The Making of the Ahupuaa of Laie into a Gathering Place and Plantation: The Creation of an Alternative Space to Capitalism The Making of the Ahupuaa of Laie into a Gathering Place and Plantation: The Creation of an Alternative Space to Capitalism

by Compton, Cynthia Woolley

Abstract (Summary)
This dissertation is a labor history of the Laie sugar plantation between 1865 and 1931. It explores intercultural and race relations that were inherent to colonial and plantation processes in Hawaii. Particular attention is given to the role of religion in advancing the colonial project.

In 1865 Mormon missionaries bought approximately 6,000 acres with the hope of creating a gathering place for Hawaiian converts to settle in. The ideal of the gathering was a metaphor the missionaries brought with them from Utah, and it was a metaphor appropriated by Hawaiians and infused with their own cultural meanings, particularly the importance of the land.

In order to economically support the gathering place, the missionaries turned to a plantation model. The plantation they developed was unusual in several respects. First, for most of the plantation’s history, labor was done predominantly by Hawaiians. On the majority of other plantations, immigrant labor was used. Second, on Laie Plantation the cultivation of kalo was as important as sugar. Both crops were promoted by both Hawaiians and missionaries. Thus kalo production was one of the chief reasons Hawaiians stayed on Laie Plantation. It appears that many of those who gathered to Laie did so because to a large extent they could reconstruct traditional Hawaiian culture and foodways.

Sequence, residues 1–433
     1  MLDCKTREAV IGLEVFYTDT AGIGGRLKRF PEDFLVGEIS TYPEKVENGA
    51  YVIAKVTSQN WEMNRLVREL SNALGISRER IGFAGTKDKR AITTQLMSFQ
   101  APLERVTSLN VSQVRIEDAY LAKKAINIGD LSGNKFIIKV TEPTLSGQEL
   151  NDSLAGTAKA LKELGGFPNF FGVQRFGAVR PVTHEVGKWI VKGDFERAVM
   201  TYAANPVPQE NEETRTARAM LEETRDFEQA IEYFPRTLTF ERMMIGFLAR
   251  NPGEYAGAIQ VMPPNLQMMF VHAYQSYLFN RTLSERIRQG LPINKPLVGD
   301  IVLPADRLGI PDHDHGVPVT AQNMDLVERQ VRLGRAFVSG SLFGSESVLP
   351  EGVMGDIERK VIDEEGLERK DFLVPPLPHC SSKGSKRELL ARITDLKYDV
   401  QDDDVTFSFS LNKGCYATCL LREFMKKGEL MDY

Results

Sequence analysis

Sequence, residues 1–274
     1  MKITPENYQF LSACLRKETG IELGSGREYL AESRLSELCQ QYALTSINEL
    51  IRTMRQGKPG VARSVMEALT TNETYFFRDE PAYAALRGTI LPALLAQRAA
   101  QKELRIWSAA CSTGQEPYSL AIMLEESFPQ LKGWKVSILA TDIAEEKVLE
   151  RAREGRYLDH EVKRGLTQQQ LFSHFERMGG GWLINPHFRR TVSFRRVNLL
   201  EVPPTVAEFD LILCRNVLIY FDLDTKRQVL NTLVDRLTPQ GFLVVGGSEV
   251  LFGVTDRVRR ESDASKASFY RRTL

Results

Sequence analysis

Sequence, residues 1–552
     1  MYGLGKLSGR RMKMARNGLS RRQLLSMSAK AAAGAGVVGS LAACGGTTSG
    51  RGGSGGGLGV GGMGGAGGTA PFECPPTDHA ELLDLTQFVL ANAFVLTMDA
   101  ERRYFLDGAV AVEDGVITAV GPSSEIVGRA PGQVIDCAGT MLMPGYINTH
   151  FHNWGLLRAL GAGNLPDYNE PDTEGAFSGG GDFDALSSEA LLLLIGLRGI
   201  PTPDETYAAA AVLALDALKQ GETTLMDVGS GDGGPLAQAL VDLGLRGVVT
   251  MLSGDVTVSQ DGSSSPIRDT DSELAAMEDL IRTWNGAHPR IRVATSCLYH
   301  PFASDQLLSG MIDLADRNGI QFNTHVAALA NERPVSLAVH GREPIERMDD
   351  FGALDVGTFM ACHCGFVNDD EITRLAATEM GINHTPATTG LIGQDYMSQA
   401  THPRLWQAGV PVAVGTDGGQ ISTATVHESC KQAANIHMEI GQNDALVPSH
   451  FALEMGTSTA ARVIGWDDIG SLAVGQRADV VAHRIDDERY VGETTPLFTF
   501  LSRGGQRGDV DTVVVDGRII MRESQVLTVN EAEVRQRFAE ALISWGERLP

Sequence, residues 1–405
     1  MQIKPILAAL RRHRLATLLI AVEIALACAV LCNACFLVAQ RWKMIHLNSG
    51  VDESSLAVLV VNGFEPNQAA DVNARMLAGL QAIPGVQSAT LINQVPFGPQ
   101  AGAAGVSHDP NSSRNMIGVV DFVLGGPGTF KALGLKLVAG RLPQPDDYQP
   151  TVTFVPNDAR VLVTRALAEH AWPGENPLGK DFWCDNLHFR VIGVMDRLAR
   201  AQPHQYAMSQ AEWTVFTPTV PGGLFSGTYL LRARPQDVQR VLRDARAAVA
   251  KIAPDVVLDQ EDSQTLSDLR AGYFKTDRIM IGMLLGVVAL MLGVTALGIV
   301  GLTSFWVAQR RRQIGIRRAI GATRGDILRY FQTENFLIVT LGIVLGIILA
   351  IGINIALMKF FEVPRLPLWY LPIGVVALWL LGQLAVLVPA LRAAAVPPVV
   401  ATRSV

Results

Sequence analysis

Finally, the metaphor of the gathering mitigated some of the most onerous aspects of plantation life. The gathering was for Hawaiians and thus for the first thirty years, only Hawaiians were hired to work as laborers. This created a labor shortage that Hawaiians were able to use as they negotiated labor relations and the continuation of their cultural practices. However, in 1897 the metaphor of gathering began to diminish as a guiding ideal in shaping the structure of the plantation. Hawaiians began to be more dissatisfied with plantation work and increasingly had less voice in choices regarding the land. By the early 1900s, Laie began to resemble other Hawaiian plantations in terms of its ethnic makeup, landscape, and emphasis on capital development. After 1920 very few Hawaiians continued to work on Laie plantation.

Bibliographical Information:


School:Brigham Young University

School Location:USA - Utah

Source Type:Master's Thesis

Keywords:hawaii laie colonization labor history intercultural relations race ethnicity religion and culture plantation sugar mormon


Date of Publication:12/09/2005

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